Land of the returning son

Land of the returning son

As Yoshi Tatsu has discovered, Japan is ready to embrace a rising son of a different kind.

Three years after departing his native country on a quest for WWE Superstardom, the fighter from the Far East returned to the Land of the Rising Sun for an exclusive tour of Yuke's studio (THQ's partnering WWE SmackDown vs. Raw video game developer) and found the open arms of a proud nation. (PHOTOS | VIDEOS)

"I am very, very excited to be home," explained an energetic Tatsu, readjusting his well tailored suit while on the way to yet another scheduled meeting with local Japanese media. "Everybody cheers me, businessmen walking by notice me, everybody wants to shake my hand, everybody wants an autograph -- like a real Superstar."

"Like" a real Superstar. Though Yoshi's faced some of the best that squared circle has to offer on so many varying stages -- including the grandest of them all, WrestleMania -- the remarkably modest performer refuses to yet recognize the celebrity he's attained. Tatsu is quite simply not yet quenched of his thirst for success in what's relatively a freshly hatched WWE career.

In a world of braggarts like The Miz and Alberto Del Rio, Yoshi's humility is a heartening breath of fresh air. The truth is that, in a very short time, Tatsu has already conquered his share of challenges and realized a number of dreams that he's chased for a lifetime.

Among those dreams: Seeing his likeness in a WWE video game.

"Seeing myself in [WWE SmackDown vs. Raw 2011] encourages and motivates me," Tatsu told "Now, I want to see myself in the next game and the next after that."

Unquestionably fueling his motivation was the extent to which the entire Yuke's staff so reverently received the Superstar as he left his shoes at the entrance of their office and stepped socked foot into their headquarters. Once more immersed in his Japanese culture, Tatsu found the kind of support he admittedly struggled to obtain when he first left for WWE in 2007.

"Friends, other Japanese wrestlers and my parents, too, thought I wouldn't make it to WWE," he divulged. "Everybody thought I would stop at [WWE's training facility] FCW, but I wanted to change everything about myself -- wrestling, attitude, my life. I wanted to change in America and [WWE] gave me a chance."

"Now, everybody has changed their attitude," Tatsu intimated. "But I won't be happy until I'm at the top. It's not just that I want to be on top. I need to be on top."

Graciously introduced to his first-ever video game model by its skilled developers, Yoshi was overcome by the telltale sign that he's "made it." He scanned his polygon-perfected replica and accounted for every detail -- his attire, his facial movements and most notably for him, his mane's signature blond streak.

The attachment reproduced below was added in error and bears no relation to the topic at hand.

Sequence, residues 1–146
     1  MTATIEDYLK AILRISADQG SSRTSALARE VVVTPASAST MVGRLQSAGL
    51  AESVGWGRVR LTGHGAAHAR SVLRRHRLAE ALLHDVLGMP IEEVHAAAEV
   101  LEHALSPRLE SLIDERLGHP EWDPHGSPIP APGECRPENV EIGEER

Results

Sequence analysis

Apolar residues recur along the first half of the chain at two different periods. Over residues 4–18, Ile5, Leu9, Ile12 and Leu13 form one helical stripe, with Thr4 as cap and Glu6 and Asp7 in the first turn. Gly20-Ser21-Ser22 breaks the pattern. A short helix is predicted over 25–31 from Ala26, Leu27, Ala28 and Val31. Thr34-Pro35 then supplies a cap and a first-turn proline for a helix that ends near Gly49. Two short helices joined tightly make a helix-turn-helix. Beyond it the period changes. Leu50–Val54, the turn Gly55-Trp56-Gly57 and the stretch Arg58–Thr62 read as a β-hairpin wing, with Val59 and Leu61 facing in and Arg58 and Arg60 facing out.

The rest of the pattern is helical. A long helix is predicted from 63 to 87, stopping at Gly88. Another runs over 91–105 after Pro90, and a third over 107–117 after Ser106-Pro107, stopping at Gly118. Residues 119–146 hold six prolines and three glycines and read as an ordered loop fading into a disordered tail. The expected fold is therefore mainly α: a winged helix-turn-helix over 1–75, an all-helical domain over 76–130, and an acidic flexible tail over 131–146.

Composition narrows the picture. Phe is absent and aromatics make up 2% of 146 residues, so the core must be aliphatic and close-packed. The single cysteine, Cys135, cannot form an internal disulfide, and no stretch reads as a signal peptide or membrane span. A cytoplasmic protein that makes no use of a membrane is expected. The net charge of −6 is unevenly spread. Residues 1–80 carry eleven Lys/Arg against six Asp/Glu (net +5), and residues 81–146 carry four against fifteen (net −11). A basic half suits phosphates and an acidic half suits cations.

The studio tour continued beyond the endless rows of multi-monitored computer stations, as Tatsu, the so-called "Cardiac Kid," explored the heart of WWE video game production. Yoshi presided over a steel cage enclosed creative meeting, traced WWE's lineage in Superstar reference photo books, then even officiated an impromptu bout between a Yuke's producer and one of the studio's motion capture test dummies.

As if these moments weren't overwhelmingly fulfilling enough, further embellishing the experience, one Yuke's staffer approached while flailing a copy of "Weekly Pro Wrestling" magazine featuring none other than Tatsu on the cover.

According to Yoshi, who'd grown up collecting the same publication and accumulating hundreds of issues in his parents' home, it is among the greatest honors to find his likeness on the magazine's full-color cover like his biggest squared circle idols including The Great Muta, Masahiro Chono and the only other WWE Superstar to share such a distinction, Triple H.

"Japanese culture really likes wrestling and people have a lot of respect for wrestling," said WWE's only Superstar from the Land of the Rising Sun. "When I started to watch at 10 years old, I wanted to wrestle and compete. By 14, I was training hard in karate, wrestling, kick boxing and mixed martial arts."

Flash forward years ahead and Yoshi has become his dream. He's been the lead story of a Japanese magazine, broken out into video games and action figures, and most notably, won a 26-Man Battle Royal at WrestleMania XXVI. His countrymen aren't the only ones who've noticed and now excitedly cheered him from the collected islands that comprise Japan. Today, Tatsu is recognized around the world, including the farthest corners of the WWE Universe.

"I wanted to be strong. I wanted to be at the top of the world and the top wrestler so I knew I had to be in WWE," Tatsu revealed. "It's my dream come true. I'm a hero now. This is the top of the world."

Join Yoshi Tatsu for a behind-the-scenes tour of Yuke's studio in Japan and the making of THQ's WWE SmackDown vs. Raw, exclusively here on See the evolution of WWE's video game franchise, the evolution of The Undertaker, plus Tatsu's Tokyo toy store trip and more.

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